Thinking about spring and all the bird song that fills the air reminds me of that there has been relative silence during the winter months. Bird song begins with spring and builds throughout the nesting season until it ends usually in late July or August. Spring migration brings us many songbirds who will brighten our days for the next few months. Olive-sided flycatchers entertain us from on high with their, “hic… three beers,” while the rich warble of the purple finch constantly fills the air. I hear it echo melodiously throughout the forests of the Peninsula where ever I am.

The American robin sings constantly in the spring as well. It is generally found on lawns, in parks and in other open habitats. Its song, a lyrical whistle, is a typical of the thrushes. A few of our other spring and summer residents sound almost like it. The colorful orange, yellow and black western tanager, for example, sounds like a robin with a sore throat, while the black-headed grosbeak’s song is more like that of a lazy robin. Listen carefully and you will catch the distinctions.

The other thrushes that come to mind in spring is the Swainson’s thrush and the varied thrush. The Swainson’s thrush’s smooth, rolling, flute like call rings loud and clear from deep in the woods as does the song of the varied thrush which is a little more difficult to describe in words. Sibley says it best: “a single, long whistle on one pitch: one and a half seconds long and repeated about every ten seconds; each whistle on a different pitch” (2014). A great place to hear the varied thrush is on the Willapa National Wildlife Refuge’s Cutthroat Trail located at headquarters on U.S. Highway 101. You will never forget the song once you have heard it!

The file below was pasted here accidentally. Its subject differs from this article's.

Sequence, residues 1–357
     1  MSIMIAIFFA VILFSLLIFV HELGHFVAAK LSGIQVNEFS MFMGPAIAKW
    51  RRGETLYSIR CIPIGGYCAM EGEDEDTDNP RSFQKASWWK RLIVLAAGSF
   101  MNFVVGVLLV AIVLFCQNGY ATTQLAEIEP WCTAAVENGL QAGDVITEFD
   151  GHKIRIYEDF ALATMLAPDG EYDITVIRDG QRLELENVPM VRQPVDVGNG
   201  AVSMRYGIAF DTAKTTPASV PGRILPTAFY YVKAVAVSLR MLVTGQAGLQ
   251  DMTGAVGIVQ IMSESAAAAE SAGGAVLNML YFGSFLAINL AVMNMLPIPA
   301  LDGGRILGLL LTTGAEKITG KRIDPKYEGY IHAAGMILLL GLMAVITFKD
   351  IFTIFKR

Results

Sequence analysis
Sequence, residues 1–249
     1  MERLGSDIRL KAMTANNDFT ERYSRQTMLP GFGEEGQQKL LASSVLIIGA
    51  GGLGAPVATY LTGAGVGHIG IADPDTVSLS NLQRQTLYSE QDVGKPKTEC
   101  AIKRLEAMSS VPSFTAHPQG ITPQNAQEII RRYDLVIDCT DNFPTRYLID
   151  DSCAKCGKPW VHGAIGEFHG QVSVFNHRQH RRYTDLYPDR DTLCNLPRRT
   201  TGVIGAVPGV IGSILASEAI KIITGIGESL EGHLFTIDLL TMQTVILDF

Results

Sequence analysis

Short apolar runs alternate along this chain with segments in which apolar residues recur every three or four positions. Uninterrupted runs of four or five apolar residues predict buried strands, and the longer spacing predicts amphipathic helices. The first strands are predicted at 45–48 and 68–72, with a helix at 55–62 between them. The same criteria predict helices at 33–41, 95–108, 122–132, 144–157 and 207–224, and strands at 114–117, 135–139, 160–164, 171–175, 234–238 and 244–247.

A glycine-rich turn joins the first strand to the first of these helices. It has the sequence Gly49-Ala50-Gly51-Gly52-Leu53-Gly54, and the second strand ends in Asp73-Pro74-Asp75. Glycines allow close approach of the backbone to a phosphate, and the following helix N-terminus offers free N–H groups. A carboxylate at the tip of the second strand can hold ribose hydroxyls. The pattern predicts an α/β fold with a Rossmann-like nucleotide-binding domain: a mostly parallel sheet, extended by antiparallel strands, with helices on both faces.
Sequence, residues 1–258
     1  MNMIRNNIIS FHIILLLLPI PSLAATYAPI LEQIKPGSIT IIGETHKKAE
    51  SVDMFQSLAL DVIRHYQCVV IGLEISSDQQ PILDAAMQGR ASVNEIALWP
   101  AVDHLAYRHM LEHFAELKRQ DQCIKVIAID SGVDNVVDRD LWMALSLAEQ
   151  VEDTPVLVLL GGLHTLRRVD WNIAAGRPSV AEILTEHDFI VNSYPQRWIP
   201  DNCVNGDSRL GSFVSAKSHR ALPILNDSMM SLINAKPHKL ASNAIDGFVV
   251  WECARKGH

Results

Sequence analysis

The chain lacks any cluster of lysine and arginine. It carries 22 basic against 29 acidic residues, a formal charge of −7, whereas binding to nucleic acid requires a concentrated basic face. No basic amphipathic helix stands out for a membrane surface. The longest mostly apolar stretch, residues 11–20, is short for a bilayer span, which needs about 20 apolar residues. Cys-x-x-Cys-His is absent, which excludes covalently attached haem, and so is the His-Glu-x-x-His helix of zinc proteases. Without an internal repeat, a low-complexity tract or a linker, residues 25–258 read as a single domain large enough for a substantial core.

The wetlands are also alive with song these days and it will get better in the next few weeks. Red-winged blackbird males perch on the tops of bulrushes and belt out their “konk-a-ree, konk-a-ree” as they mark their territory and try to attract a female. The tiny marsh wren has a big sound for such a small bird. It, too, sits atop marsh plants. Its song is a combination of gurgles, rattles and bubbling noises that is reminiscent of a sewing machine. The common yellowthroat, notable for its black mask and brilliant yellow throat, gives out a gentle, but loud, melodious “witchety, witchety, witchety” from its marshy habitat. The yellow warbler mainly wears bright yellow, but has a few pale reddish streaks on its underside. It too, can be found and heard wet areas where there is a lot of cover. Listen, for a high pitched but clear “sweet, sweet, shredded wheat.” This is the song of the yellow warbler.

The birds of spring, sing loud and clear, and they sing like what seems forever. They seem to be asking others of their species, “Can you hear me now?” Perhaps they are also singing to us and asking the same question, “Can you hear me now?”

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